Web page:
A Must-Read on China’s Rising Big Tech Firms
Tencent and Alibaba are names you need to know. These Chinese corporations have market capitalizations that are growing fast and starting to rival American giants Apple, Amazon, Alphabet (Google’s parent company), Microsoft, and Facebook.
Dennis Ferenzy, an economist with the Institute of International Finance, recently published a report titled, A New Kind of Conglomerate: Bigtech in China. We think it’s a must-read to understand the global battleground for big tech dominance.
Ferenzy explains the core differences between American bigtechs and their Chinese competitors:
“Alibaba and Tencent…are best understood as Google, Facebook, Twitter, Amazon, PayPal, Charles Schwab, Orbitz, Uber, and Spotify rolled into one…But, unlike many of those firms, Alibaba and Tencent also operate with a tight link to state objectives, particularly on issues related to urbanization, financial inclusion, the social credit system, domestic intelligence, the Belt and Road Initiative, advanced healthcare, autonomous vehicles, and facial recognition.”
Digital Life with Chinese Characteristics
The sprawling scope of Chinese big tech platforms touches nearly every facet of the average Chinese citizen’s daily life, from bike sharing to food delivery, banking, insurance, music streaming, education, mobile payments, social media, and of course – online shopping.
Interactions with customers along all of these touchpoints enables China’s big techs to acquire massive amounts of data which perpetuates their dominance in the home market – and makes them vital instruments of state policy.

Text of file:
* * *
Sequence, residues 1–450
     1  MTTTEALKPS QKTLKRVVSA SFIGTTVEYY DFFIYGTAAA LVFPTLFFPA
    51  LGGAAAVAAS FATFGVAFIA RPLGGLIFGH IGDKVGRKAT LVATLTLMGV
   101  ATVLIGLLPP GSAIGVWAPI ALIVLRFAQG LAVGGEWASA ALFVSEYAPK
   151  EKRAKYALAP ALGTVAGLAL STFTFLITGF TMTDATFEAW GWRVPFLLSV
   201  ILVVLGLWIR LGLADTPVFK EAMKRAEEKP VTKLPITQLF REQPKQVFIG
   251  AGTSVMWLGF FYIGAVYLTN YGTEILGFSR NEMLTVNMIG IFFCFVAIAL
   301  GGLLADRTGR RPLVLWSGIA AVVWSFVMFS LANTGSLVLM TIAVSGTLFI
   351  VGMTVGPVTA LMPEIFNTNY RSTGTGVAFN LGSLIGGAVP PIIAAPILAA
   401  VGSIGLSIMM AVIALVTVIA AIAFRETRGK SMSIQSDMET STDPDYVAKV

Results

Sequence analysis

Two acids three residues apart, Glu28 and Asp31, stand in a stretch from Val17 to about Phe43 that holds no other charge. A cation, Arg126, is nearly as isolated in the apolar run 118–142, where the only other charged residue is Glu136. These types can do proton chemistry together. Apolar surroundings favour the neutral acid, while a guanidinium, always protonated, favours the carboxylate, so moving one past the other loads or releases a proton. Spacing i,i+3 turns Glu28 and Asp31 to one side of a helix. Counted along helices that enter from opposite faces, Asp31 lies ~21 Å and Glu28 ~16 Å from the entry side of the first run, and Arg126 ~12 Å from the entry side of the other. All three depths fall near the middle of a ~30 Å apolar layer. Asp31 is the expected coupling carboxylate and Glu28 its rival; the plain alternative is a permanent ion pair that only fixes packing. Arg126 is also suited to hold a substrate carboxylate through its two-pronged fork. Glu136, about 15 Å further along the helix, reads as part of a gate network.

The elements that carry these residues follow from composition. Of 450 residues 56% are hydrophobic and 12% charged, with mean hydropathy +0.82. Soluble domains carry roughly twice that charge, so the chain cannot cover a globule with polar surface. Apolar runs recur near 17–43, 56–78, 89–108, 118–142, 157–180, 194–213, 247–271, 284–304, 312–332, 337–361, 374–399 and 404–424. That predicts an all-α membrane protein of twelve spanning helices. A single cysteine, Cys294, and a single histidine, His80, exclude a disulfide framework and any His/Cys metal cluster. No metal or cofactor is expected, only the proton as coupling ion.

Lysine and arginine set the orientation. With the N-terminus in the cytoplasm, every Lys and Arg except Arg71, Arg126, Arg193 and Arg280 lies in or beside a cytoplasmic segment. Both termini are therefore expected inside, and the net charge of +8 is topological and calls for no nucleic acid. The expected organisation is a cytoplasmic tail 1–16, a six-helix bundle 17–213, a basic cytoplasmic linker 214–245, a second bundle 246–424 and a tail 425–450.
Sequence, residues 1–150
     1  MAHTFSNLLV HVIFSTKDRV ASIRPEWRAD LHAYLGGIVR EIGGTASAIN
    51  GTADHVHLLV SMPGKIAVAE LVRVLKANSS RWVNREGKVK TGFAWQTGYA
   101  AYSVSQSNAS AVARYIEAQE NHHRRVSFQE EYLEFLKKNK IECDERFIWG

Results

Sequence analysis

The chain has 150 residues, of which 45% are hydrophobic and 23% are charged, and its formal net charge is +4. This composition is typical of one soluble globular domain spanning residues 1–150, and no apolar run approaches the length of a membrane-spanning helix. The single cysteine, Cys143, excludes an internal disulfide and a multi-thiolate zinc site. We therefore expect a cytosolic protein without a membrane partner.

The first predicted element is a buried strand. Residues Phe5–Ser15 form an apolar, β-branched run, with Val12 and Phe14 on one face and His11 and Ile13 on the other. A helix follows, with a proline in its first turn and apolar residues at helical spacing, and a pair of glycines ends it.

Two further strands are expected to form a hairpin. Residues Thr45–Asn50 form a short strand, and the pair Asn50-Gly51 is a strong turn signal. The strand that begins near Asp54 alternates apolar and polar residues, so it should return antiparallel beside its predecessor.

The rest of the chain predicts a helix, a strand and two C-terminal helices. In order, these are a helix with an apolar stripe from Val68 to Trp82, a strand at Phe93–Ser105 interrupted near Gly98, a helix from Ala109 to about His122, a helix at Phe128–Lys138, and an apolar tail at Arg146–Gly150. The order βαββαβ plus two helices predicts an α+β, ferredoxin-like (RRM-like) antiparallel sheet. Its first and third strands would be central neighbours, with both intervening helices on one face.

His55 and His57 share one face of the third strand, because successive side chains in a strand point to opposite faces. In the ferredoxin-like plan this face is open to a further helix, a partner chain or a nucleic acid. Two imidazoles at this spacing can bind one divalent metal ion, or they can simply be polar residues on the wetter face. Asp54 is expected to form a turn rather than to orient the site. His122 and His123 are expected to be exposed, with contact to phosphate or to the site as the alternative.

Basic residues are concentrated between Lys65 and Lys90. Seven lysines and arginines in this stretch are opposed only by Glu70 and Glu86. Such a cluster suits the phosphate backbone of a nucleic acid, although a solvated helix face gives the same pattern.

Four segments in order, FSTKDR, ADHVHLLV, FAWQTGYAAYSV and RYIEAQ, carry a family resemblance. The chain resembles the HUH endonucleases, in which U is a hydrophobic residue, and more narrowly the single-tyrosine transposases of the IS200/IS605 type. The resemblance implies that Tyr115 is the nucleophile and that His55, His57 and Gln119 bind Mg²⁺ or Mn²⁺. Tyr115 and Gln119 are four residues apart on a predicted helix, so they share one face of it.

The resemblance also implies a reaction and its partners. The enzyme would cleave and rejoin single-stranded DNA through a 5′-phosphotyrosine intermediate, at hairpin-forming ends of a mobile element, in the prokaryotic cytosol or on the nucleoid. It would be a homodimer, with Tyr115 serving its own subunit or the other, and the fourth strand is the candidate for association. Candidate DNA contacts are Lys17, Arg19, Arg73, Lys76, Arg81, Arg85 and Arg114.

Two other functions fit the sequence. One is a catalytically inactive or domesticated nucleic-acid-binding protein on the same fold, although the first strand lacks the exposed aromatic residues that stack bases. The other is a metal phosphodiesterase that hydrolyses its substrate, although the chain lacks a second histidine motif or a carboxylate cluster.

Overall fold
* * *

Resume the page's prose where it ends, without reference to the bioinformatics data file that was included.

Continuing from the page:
The Chinese big techs are leveraging their strength in the massive Chinese market to bring their digital ecosystems to international markets. They are actively investing in local companies they can integrate into their platforms, acquiring more local customers and more customer data.
Who Are They?
The five big tech firms in China are Alibaba, Tencent, Baidu, Ping An, and JD.com. Alibaba is most well-known, having been founded by global personality, Jack Ma.
More than 500 million people shop on Alibaba apps every month, giving them access to 10 million merchants. Beyond its e-commerce site, 80 percent of Chinese internet users frequently access a suite of Alibaba internet platforms.
Tencent’s behemoth mobile messaging app is WeChat. WeChat is now China’s main channel for social and business communication, transmitting 38 billion messages a day among its users. Users don’t have to leave the WeChat app to stream music, play games, check traffic, pay bills, or schedule a doctor’s appointment. Ferenzy points out that this “seamless integration between the majority of popular apps in the country gives Tencent priceless insights into the habits of over one billion people.”
Baidu is China’s answer to Google, controlling 70 percent of China’s online search market. Like Alibaba and Tencent, Baidu has parlayed its market dominance to expand into other sectors including financial services.
Ferenzy points out that, while e-commerce is their bread-and-butter, each of the big five have pushed into virtually every sector and industry vital to the Chinese economy. Ping An began as an insurer that moved to mobile payments and peer-to-peer lending. The company is now engaged in the provision of city services and healthcare services. JD.com is another e-commerce company that has pushed into financial services and wealth management.
We’ll Help You Pay for That Online Purchase
The financial services offerings provide a connective tissue across Chinese big tech platforms and product offerings. All five big techs have carved out large roles providing consumer and small business financing including lending, wealth management, credit scoring, insurance, and mobile payments through platforms such as WeChat Pay, Alipay, and Baidu Wallet.
Jumping into financial services has provided the companies with what Ferenzy calls a “360-degree view of a customer’s financial life,” data that fuels increasingly customized products across all of their other businesses. In one example, Ferenzy says Alipay users shopping online often see customized loan offers advertised on Alibaba. They can apply online, secure approval, and receive funds in their accounts within minutes.